A partnership between the corporate and charity sector is providing essential services to regional communities in WA.
Funds donated by Western Australian growers and the CBH Group, a grain growers' cooperative that handles, markets and processes grain from WA’s Wheatbelt, will help charities including St John WA provide support to communities across the state.
St John WA welcomed a $70,000 donation from the collective which has distributed a record $520,000 in donations among nine charities through grain voluntarily forfeited in the 2022/23 harvest.
The proceeds of the sold forfeit grain are donated to the WA charities nominated by growers and CBH employees, through the Harvest Mass Management Scheme (HMMS) developed by CBH and Main Roads WA.
CBH Chair Simon Stead said the donations will provide valuable support to the selected charities, allowing them to continue their important work in helping grain growers and their communities in WA.
“It’s wonderful to see that since the scheme’s inception, more than $2.6 million has been donated to a range of charitable organisations who do important work to support regional communities,” he said.
St John WA Major Partnerships Specialist, Angel Robins, said partnerships like this between corporate and the charity sector were essential to bridge the healthcare gaps in our regional communities.
To date, CBH has helped St John WA, which covers the largest area of any single ambulance service in the world, install 134 automatic external defibrillators (AED) across the WA grain growing region in the Wheatbelt.
The donation will help add another 36 lifesaving AEDs to the community.
“We are honoured that CBH and the farmers understand the importance of this and have generously given to this cause,” she said.
The importance of CPR and AED
Sudden cardiac arrest is one of the leading causes of death in Australia, hitting around 30,000 Australians every year.
Having access to lifesaving defibrillators and knowing how to perform CPR plays a critical role in sudden cardiac arrest survival rates before paramedics arrive.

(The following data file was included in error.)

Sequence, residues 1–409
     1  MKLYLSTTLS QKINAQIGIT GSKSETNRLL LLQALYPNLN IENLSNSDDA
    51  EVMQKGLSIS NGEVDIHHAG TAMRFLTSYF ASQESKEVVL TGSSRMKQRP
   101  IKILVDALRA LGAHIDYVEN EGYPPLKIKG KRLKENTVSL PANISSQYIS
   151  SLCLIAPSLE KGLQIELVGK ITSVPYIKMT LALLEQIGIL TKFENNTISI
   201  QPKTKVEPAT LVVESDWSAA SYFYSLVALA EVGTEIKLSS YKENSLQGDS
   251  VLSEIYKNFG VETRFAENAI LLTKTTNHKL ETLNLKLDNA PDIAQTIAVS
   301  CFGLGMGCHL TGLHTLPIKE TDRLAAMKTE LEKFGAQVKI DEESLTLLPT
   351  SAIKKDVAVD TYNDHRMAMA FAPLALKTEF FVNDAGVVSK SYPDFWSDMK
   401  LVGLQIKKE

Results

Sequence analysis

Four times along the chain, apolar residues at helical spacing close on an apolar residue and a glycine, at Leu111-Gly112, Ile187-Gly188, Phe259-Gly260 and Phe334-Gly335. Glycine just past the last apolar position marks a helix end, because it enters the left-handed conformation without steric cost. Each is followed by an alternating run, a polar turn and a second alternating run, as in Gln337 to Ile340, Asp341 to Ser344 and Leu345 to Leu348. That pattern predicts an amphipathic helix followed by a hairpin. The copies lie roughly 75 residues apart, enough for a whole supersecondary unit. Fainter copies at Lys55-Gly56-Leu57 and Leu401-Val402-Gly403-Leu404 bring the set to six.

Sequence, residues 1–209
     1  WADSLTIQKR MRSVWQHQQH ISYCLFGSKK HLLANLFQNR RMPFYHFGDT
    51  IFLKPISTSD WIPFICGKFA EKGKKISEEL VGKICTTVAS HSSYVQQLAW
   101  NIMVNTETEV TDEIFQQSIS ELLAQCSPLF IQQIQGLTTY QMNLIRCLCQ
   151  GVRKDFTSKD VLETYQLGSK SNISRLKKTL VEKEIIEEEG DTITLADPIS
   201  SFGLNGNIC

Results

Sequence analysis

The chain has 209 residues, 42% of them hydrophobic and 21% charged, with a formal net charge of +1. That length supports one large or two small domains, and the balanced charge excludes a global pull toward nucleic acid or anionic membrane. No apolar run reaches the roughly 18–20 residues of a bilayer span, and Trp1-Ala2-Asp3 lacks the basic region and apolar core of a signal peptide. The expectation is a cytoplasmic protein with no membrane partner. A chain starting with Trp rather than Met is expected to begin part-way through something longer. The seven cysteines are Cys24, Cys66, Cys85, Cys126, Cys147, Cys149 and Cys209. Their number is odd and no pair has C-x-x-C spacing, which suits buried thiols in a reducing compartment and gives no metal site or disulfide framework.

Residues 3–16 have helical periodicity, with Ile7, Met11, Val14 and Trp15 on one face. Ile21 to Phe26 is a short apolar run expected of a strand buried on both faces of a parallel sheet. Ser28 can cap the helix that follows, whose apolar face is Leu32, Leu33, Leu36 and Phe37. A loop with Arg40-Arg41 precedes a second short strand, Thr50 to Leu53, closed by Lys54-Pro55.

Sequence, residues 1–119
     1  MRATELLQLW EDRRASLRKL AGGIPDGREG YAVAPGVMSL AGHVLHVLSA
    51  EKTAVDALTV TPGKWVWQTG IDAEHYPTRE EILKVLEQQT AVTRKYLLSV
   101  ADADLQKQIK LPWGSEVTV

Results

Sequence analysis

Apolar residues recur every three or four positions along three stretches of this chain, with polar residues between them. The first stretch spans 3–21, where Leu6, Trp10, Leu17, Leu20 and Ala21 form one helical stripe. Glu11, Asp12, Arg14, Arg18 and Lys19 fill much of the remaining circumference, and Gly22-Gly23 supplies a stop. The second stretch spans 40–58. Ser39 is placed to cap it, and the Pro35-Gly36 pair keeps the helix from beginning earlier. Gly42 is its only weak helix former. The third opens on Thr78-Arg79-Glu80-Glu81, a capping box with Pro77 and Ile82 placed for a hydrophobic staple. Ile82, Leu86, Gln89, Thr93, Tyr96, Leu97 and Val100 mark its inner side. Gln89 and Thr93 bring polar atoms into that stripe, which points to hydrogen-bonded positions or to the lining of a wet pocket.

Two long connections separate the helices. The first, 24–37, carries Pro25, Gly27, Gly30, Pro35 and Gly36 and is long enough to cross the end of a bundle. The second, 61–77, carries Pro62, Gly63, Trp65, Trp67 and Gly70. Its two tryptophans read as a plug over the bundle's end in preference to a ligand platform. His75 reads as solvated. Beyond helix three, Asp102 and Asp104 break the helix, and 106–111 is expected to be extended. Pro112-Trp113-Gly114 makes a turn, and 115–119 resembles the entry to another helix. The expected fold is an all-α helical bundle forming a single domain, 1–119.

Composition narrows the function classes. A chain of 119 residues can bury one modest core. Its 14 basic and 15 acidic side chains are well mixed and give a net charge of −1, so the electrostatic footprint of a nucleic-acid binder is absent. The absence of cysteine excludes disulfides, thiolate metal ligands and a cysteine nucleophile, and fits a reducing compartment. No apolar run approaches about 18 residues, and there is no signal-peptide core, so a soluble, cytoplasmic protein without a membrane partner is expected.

“We know that every minute a patient is in cardiac arrest, not receiving CPR or AED shock will reduce their chances of survival by 10 per cent,” Ms Robins said.
“We don’t want to leave survival to chances. By having accessible AEDs in the community, we know we will help to strengthen our Community First Responder network and create a resilient community.”
Recent global research released in September has indicated that the majority of cardiac arrest patients receive lifesaving CPR by a bystander.
In WA, 95 per cent of women and 93 per cent of men who experienced out-of-hospital cardiac arrest in a public location received bystander CPR in the past five years, according to the North American study.
These numbers outshine global figures of 61 per cent of women and 68 per cent men receiving bystander CPR in similar circumstances, showing that more people in WA are equipped to perform CPR compared to international counterparts.
St John WA Chief Preventative Officer Megs O’Donnell said the WA performance was the result of range of factors – not least the effort put in by St John WA to ensure Western Australians have the time, tools and knowledge to potentially save a life.
“In Western Australia we also have more than 44,000 people who are registered on the First Responder App who can be called upon by the State Operations Centre to render assistance if they are located close to an incident in a public place.
“In addition, there are 7702 Automated External Defibrillator locations registered with St John WA which can be deployed by members of the public in event of OHCA.
“This is important because the first few minutes after cardiac arrest are the most critical. Early intervention in the minutes before an ambulance arrives can make all the difference,” Ms O’Donnell said.
“They’re simple and easy to use. The only way to make things worse with an AED is not to use it.”
St John is encouraging all businesses across WA to install lifesaving defibrillators, or AEDs, in every office.
For the month of October, St John WA is offering 20 per cent off the recommended retail price of the St John G5 defibrillator, an incentive part of Shocktober, a global initiative to raise awareness and educate the community about learning CPR and how to use an AED.
Also held in October, Restart a Heart Day, held annually on Monday 16 October, reminded communities of the crucial importance of knowing how to perform CPR and having AEDs installed in accessible public and office settings.
Without intervention, the damage caused by cardiac arrest after 10 short minutes is nearly irreversible, with only 1 in 10 people surviving an out-of-hospital cardiac arrest.
Having an AED can mean the difference between life and death, with thousands of Australian families losing someone to cardiac arrest every year because lifesaving equipment was not available when it was most needed.